By virtue of her presuming to judge this kohen, and by her sanctimonious condemnation of his behavior, the woman who called me excluded herself from the kohen’s blessing.

Armed with our understanding that the atmosphere of the Priestly Blessing must be one of brotherly love, we are in the position to more fully appreciate the insightful comments of Rabbi Yaakov ben Asher, the Ba’al HaTurim. His remarks are not found in this week’s Torah portion, but rather in a verse in Leviticus which tells us about the very first kohen and the blessing he bestowed upon the people.

That verse reads: “Aaron lifted his hands toward the people and blessed them; and he stepped down after offering the sin offering, the burnt offering, and the offering of well-being.” (Leviticus 9:22)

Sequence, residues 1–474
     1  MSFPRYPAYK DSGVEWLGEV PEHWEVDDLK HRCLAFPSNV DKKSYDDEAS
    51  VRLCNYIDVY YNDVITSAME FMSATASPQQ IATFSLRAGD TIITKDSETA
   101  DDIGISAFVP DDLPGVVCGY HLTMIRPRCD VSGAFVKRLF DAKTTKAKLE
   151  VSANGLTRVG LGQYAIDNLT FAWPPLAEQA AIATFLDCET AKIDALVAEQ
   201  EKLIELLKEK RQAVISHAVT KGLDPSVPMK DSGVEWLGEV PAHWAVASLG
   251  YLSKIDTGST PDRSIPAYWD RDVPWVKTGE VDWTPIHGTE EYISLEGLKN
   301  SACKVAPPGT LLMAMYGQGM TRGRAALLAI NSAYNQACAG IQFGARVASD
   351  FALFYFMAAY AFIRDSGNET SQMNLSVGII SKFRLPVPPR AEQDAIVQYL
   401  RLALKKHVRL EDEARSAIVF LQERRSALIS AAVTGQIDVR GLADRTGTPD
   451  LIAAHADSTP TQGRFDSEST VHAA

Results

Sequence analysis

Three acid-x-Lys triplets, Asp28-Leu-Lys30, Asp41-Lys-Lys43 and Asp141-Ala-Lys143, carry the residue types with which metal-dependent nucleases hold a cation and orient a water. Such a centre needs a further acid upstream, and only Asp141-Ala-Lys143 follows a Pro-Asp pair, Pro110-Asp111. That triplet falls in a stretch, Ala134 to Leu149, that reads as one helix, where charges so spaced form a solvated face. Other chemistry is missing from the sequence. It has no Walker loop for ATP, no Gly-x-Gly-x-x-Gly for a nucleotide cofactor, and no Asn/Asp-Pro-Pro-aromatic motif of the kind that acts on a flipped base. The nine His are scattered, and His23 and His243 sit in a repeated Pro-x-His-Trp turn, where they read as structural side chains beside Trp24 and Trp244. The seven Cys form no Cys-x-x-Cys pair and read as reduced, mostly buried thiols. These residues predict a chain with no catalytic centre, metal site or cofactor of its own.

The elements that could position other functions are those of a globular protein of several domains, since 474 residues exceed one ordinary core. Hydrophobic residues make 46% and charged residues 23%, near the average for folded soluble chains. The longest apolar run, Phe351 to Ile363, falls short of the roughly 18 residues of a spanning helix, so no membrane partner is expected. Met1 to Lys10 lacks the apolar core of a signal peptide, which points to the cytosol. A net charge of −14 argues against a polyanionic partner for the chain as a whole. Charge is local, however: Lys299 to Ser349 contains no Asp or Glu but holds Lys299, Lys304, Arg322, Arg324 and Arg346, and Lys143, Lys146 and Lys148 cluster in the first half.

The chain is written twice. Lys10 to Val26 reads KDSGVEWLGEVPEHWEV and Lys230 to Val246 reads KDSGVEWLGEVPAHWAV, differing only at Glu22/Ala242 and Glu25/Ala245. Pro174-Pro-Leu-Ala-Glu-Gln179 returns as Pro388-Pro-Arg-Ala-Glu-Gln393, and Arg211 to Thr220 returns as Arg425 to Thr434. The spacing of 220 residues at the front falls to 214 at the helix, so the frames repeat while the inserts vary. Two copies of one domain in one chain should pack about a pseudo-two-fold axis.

The Ba’al Haturim believes that these three sacrificial offerings correspond to three fundamental human moods: the sin offering is a result of guilt feelings and remorse; the burnt offering is an expression of the exhilaration of success; and the offering of well-being derives from emotions of exuberance and joy.

The power of the Priestly Blessing is that it strengthens and enables and encourages people to cope with and thrive under all manner of spiritual circumstances; it enables the sinner to overcome despair; it protects the victorious hero from prideful arrogance; and it helps the joyous person subdue excessive exuberance.

There is a lesson here for all of us, whether we are the kohanim who convey the Almighty’s blessings, or whether we are the recipients of those blessings sitting in the pews. All of us must cultivate an atmosphere in the synagogue of brotherly love and mutual acceptance. Only when that atmosphere is achieved can the blessings address our diverse and complex moods, and help us overcome the challenges of both success and failure, achievement and despair.